Skip to main content
click map TCC Home TCC Library Home

eCore ENGL1213 Textbook

3.3 Organizing Your Paper

You may be wondering how your ideas are supposed to shape the paper, especially since you are writing a research paper based on your research. Integrating your ideas and your information from research is a complex process, and sometimes it can be difficult to separate the two. Some paragraphs in your paper will consist mostly of details from your research. That is fine, as long as you explain what those details mean or how they are linked. You should also include sentences and transitions that show the relationship between different claims and evidence from your research by grouping related ideas or pointing out connections or contrasts. The result is that you are not simply presenting information; you are synthesizing, analyzing, and interpreting it.

The final step to complete before beginning your draft is to choose an organizational structure. For some assignments, this may be determined by the instructor’s requirements. For instance, if you are asked to explore the impact of a new communications device, a cause-and-effect structure is obviously appropriate. In other cases, you will need to determine the structure based on what suits your topic and purpose.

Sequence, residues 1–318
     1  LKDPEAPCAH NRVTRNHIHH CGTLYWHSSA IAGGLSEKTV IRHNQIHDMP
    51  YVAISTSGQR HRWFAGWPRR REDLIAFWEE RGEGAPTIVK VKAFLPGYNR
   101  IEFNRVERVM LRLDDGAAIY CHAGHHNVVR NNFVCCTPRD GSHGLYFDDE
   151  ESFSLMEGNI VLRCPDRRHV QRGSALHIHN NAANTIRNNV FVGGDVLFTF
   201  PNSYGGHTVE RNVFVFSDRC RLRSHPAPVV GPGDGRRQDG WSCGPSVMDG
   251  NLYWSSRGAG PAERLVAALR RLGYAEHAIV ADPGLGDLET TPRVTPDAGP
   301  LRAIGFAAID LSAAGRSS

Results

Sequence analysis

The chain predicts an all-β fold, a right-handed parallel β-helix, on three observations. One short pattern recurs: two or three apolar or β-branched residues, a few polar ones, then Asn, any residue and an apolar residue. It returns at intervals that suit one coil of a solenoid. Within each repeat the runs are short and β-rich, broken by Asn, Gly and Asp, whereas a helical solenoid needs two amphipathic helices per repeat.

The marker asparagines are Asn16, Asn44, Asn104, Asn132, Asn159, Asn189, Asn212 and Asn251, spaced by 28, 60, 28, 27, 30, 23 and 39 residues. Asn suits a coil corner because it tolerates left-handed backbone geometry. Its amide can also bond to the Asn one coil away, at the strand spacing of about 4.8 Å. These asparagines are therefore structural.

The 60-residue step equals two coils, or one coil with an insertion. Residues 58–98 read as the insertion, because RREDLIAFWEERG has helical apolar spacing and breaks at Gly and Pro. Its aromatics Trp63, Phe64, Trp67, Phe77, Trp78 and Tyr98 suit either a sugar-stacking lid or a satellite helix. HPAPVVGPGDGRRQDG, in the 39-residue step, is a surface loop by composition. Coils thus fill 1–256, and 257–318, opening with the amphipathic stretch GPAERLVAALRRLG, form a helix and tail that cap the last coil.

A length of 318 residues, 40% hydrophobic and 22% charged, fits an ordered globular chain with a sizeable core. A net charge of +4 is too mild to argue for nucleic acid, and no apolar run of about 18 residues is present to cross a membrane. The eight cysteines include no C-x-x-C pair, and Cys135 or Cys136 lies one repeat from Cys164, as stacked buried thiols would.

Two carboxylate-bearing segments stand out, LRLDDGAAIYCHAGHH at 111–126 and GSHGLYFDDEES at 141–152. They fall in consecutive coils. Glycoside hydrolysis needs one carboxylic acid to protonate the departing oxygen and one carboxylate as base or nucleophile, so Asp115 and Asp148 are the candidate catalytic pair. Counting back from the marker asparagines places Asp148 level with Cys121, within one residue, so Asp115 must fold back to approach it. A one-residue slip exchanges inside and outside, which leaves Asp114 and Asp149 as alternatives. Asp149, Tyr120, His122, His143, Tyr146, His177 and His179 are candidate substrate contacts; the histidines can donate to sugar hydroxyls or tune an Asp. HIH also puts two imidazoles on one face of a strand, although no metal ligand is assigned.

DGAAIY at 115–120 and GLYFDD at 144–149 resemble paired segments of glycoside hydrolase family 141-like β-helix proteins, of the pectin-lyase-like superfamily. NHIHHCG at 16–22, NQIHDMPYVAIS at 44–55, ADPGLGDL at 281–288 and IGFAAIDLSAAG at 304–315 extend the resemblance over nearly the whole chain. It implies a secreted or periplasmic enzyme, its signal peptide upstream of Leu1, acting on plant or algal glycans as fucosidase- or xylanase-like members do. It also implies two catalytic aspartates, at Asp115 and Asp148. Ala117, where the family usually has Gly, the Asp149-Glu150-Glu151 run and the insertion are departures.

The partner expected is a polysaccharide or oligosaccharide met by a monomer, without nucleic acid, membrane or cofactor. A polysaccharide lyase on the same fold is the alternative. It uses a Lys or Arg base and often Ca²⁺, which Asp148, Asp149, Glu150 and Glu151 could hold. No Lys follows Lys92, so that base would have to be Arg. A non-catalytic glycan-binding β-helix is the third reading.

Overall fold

The purpose of Jorge’s paper was primarily to persuade. With that in mind, he planned the following outline.

I.  Introduction

A.  Background

B.  Thesis

II.  Purported Benefits of Low-Carbohydrate Diets

A.  United States Department of Agriculture (USDA) nutrition guidelines

B.  Potential flaws in USDA nutrition guidelines

1.  Effects of carbohydrates on blood sugar, insulin

2.  Relationship to metabolism and obesity

III.  Research on Low-Carbohydrate Diets and Weight Loss

A.  Short-term effectiveness for weight-loss

B.  Long-term effectiveness not established

IV.  Other Long-Term Health Outcomes

A.  Cholesterol and heart disease

B.  Blood pressure

C.  Diabetes

V.  ​Conclusion


This material is adapted from the following open textbook: 

Crowther, Kathryn; Curtright, Lauren; Gilbert, Nancy; Hall, Barbara; Ravita, Tracienne; and Swenson, Kirk, "Successful College Composition"

(2016). English Open Textbooks. 8. https://oer.galileo.usg.edu/english-textbooks/8.

Creative Commons Attribution-Noncommercial 4.0 License
This work is licensed under a Creative Commons Attribution-Noncommercial-Share Alike 4.0 License.

Metro Campus Library: 918.595.7172 | Northeast Campus Library: 918.595.7501 | Southeast Campus Library: 918.595.7701 | West Campus Library: 918.595.8010
email: Library Website Technical Help | TCC Acceptable Use Policy | MyTCC | © 2020 Tulsa Community College